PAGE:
Filling The Void

This excellent article on the CDU’s fiasco makes the point that the CDU and indeed the CSU’s problems are rooted in the wider intellectual crisis of conservatism. Market libertarianism is in tatters, fiscal hawkery is discredited, the Cold War is long over, the long term trend of secularisation grinds on. The solutions don’t match the problems, and if you’re not up for strident nationalism and clientele fan-service, that just leaves managerial incumbency. Few people could do managerial incumbency as well as Angela Merkel, of course, and as George Diaz points out, she chose to move the party to the ideas.

I would disagree that she filled the void with social-democratic content, though, as Diaz says. Rather she outsourced that to the SPD. For much of the Merkel era, Europe and the Euro were the key issue. In terms of political coalitions, I think the key idea was Europeanism as opposed to nationalism or provincial particularism, and Merkel created a new diagonal coalition along those lines. This had some problems – you can’t eat the European Union – but in hindsight perhaps the biggest was whether or not the CDU/CSU itself had fully hoisted in the commitments its own hero, Helmut Kohl, had made back in the 1990s during the building of the Eurozone architecture. It is a cliché that the CDU’s iconic achievement, reunification, involved a trade-off with integration into a single currency, but the problem was whether this had been fully accepted. Ironically, this is similar to the British Tories’ inability to cope with Thatcher’s achievement of the Single Market. Europeanism is part of the CDU’s DNA, coming from its roots in Catholic politics and the Cold War and even the Weimar Republic, but the conflict that kept breaking out was whether the party was willing to back its commitments with what counted – money. The tension along the Wilhelmstrasse between Merkel and Wolfgang Schäuble, the chancellor’s office and the finance ministry, dramatized the structural issue in personal terms.

The party grumbled but it eventually paid, and it did this because the strategy worked electorally. What it didn’t do was buy in beyond the level of a grudging strategic concession. You can see this in the way people like Schäuble and Friedrich Merz behave. Schäuble was insistent, pathetically, on serving on as speaker of parliament so he could stay in high office longer than Merkel. Merz’s whole engagement in politics is based on trying to pick up where he left off before he was so rudely interrupted. Armin Laschet was criticised for being a retread of Kohl without the latter’s authority.

Now, their problem is that the parties who usually sit on the European side of that diagonal won, and won big. The traffic light coalition is what it looks like when the Merkel coalition goes home. But you can’t go home, per Thomas Wolfe, and as a consequence Diaz reckons they are finished. I am sceptical. The secret sauce of conservatism is the acceptance of change. That said, for the foreseeable future there will be a lot of political space off the diagonal while the CDU and CSU bloodletting runs its course and all sorts of things might happen in it. The FDP is crucial here – not only did it flirt very seriously with a leap off the diagonal into populist territory as recently as 2017, as Ralph Böllmann says here, it’s the coalition’s effective opposition party, being the only partner that might seriously consider walking out and the one that is the most ideologically distinct from the others. A key question is whether it can grow to take on the role of the middle-class and business lobby – Böllmann notes that prominent conservatives are watching the situation in Holland where the relationship between liberals and conservatives is reversed, and Mark Rutte has been prime minister since forever.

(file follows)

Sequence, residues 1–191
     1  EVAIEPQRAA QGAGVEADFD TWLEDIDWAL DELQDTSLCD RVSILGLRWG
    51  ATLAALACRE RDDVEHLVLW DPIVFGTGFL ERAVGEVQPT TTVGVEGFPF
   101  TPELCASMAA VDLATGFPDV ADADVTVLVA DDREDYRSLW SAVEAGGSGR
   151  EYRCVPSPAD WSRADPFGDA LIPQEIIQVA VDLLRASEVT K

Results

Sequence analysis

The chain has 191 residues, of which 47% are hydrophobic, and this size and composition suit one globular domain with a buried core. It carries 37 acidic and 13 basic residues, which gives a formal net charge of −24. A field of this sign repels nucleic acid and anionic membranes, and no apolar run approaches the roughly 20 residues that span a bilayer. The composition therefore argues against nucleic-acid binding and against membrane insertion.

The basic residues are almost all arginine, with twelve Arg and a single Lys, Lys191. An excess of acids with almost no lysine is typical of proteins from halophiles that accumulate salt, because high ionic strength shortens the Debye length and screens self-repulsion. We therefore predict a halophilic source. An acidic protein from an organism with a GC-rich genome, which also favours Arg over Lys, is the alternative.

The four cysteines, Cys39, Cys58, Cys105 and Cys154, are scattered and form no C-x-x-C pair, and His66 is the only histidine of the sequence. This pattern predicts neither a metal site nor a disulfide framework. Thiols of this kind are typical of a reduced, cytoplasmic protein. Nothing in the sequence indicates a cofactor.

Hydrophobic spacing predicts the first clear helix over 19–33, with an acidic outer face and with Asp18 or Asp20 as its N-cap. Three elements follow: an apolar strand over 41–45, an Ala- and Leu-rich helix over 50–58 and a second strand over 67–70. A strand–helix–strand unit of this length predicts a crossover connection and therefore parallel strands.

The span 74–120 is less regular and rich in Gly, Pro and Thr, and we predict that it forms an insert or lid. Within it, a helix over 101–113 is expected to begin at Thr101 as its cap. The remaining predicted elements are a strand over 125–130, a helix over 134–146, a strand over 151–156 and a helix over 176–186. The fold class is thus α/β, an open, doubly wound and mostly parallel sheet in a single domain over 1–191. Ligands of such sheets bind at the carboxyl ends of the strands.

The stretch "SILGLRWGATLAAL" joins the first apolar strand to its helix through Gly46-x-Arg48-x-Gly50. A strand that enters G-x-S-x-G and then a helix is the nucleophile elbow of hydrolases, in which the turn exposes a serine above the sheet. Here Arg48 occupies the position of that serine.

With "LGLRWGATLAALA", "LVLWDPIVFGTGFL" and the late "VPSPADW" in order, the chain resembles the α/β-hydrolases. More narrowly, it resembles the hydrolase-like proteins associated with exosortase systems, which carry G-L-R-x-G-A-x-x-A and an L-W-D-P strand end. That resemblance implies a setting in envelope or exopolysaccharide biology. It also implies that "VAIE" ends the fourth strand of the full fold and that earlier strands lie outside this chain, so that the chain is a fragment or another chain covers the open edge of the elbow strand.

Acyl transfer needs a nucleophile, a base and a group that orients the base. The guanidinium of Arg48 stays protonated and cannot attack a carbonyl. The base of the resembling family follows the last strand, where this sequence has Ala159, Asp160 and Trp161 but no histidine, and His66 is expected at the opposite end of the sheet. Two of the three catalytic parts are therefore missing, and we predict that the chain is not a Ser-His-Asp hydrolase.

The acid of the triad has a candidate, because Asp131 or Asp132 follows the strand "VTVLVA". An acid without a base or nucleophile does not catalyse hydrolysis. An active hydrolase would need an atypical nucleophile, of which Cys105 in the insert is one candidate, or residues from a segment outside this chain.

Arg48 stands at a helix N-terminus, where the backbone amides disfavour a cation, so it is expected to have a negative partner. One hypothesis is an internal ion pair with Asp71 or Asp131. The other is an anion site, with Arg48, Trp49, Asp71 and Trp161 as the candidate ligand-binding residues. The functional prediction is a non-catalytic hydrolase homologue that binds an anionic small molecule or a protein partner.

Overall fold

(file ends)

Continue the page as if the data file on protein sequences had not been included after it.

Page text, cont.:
Böllmann also points out that there is a European dimension here. The finance minister’s role in the EU makes him or her almost a second head of government, with the Eurogroup as a kind of parallel European Council that’s even more powerful for its extra-constitutional, non-treaty nature. This was awkward enough with the Merkel-Schäuble relationship. At the end of the day, although the chancellor has the power to give orders to federal ministers (the so-called directive competence), a putative FDP finance minister would also have the power to blow up the coalition if he (in this case, realistically, it’s Christian Lindner and his pronouns are no mystery) didn’t like it. The logic implies that the SPD is going to have to keep the finance ministry if the government is going to be stable, as not only would Lindner have the power to blow it up, he would also have an interest in running to his right against his own government. Apparently nobody wants to talk about this, although the commentators are talking about little else and someone is presumably briefing them.

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About Alex Harrowell

Alex Harrowell is a research analyst for a really large consulting firm on AI and semiconductors. His age is immaterial, especially as he can't be bothered to update this bio regularly. He's from Yorkshire, now an economic migrant in London. His specialist subjects are military history, Germany, the telecommunications industry, and networks of all kinds. He would like to point out that it's nothing personal. Writes the Yorkshire Ranter.